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John Waters

Deanna Staffo

By Lee Gardner | Posted 9/15/2004

A Dirty Shame opens Sept. 17 at the Senator Theatre.

John Waters is in hellóor at least, he says, itís about that hot in Los Angeles. He left relatively temperate Baltimore behind on a recent Monday to fly to California for a couple of days of press-junket interviews (Ďevery five minutes, all day longĒ) to promote A Dirty Shame, his new bawdy, blue-collar sex comedy, which the Motion Picture Association of America slapped with an NC-17 rating. But he sounds cool and composed on the phone from his lodgings at the Chateau Marmont, where heís been staying when in town for some 35 years. ďIt really reminds me of my old apartment at Temple Gardens,Ē he says, ďexcept itís in Hollywood instead of Druid Hill Park.Ē From Hollywood, he talked about Baltimore. (Lee Gardner)

City Paper: Who do you think is your audience at this point?

John Waters: For movies, I think itís changed a lot. When I go do an appearance now, like at a video shop, the average age is 25 years old. Which is great for me, ícause thatís the one thing youíve gotta do if youíre going to keep doing it decade after decade. You have to get the new ones, ícause your original fans donít go out much anymore.

I think itís just everybody that has sort of a weird sense of humor. Iíve always said I havenít changed, but the public has some. But I have no idea how this film is going to be received. I didnít count on the whole NC-17 thing, though I guess I get why it got it.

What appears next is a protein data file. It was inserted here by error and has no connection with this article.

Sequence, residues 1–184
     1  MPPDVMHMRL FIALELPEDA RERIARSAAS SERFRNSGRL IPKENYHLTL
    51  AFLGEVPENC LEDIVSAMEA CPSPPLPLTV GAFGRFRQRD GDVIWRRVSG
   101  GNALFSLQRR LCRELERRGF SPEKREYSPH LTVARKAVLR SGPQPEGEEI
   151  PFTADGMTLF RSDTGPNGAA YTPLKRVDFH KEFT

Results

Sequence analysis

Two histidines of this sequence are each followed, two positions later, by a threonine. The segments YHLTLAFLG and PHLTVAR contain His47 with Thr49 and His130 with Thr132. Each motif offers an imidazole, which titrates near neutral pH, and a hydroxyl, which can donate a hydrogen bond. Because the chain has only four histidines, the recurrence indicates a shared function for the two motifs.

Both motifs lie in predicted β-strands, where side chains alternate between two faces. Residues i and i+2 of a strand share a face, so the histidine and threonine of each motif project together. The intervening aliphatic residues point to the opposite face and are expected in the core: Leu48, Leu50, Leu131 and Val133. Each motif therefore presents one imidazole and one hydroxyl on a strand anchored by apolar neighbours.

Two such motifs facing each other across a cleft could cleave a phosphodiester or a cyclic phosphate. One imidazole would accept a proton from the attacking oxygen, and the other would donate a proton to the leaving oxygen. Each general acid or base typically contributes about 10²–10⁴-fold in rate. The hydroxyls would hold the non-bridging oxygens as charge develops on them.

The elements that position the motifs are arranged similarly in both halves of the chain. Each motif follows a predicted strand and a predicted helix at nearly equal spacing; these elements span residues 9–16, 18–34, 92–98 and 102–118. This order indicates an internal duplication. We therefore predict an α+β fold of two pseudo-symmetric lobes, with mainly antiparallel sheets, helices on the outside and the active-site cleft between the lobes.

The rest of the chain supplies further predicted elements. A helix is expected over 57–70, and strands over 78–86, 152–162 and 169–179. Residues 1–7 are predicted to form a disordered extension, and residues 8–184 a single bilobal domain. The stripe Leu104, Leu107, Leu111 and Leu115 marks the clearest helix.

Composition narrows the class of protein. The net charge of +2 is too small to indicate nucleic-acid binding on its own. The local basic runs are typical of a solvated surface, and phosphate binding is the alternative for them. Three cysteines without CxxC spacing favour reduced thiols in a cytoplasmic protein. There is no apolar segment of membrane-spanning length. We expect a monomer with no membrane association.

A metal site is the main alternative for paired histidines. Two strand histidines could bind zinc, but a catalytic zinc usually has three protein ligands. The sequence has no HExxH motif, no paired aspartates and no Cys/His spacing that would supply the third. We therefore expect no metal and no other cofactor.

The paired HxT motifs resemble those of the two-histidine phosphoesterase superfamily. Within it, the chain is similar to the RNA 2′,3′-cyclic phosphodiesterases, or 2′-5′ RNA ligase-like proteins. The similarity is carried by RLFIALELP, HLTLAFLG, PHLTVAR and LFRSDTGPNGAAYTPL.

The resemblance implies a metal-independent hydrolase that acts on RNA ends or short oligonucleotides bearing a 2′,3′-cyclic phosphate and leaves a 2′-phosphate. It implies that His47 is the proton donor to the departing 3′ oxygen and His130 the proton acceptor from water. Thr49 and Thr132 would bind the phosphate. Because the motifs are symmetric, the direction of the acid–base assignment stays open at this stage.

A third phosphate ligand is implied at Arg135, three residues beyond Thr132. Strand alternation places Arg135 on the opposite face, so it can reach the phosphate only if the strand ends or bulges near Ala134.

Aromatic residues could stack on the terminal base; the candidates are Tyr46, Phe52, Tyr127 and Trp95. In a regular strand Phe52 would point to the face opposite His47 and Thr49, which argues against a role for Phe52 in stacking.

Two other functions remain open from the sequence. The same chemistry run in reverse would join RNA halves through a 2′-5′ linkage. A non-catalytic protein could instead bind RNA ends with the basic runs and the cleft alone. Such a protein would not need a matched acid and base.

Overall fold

CP: In some quarters A Dirty Shame is being perceived as a return to the shock-tactic style of your earlier films.

JW: I didnít really sit down before I started to write this and say, ďThis movieís going to be more like my old ones.Ē I just made the next one. I wanted to do a sex comedyólike an old-fashioned exploitation movie [like the kind] that I grew up on. I hadnít done that ever. None of the other movies were really about sex. Pink Flamingos had some sex it, and whenever I have sex in movies itís ludicrous, but I had never made a movie with, as the MPAA says, ďpervasive sexual contentĒóeven though thereís no real sex in it.

Itís tricky to make a sex comedy today, considering half my audience died from AIDS.

CP: It seems like the standards for whatís shocking have changed so much in the time youíve been making films . . .

JW: But itís never the main thing Iím trying to do. Iím trying to make you laugh. And if youíre surprised, thatís good. Yes, eating shit was shocking, but I never tried to top it and I didnít in this movie, either.

To me, this movie is a comedy. Is it shocking? Thereís rude stuff in it. I guess I was surprised the first time I heard of some of these sexual underground thingsóďGod, really?Ēóbut I found it humorous, and it interested me. I always make movies about things I donít really understand.

CP: It was funny to see sploshing finally get its 15 minutes.

JW: Had you heard of that?

CP: Yeah, I had seen Splosh! magazine at Atomic Books.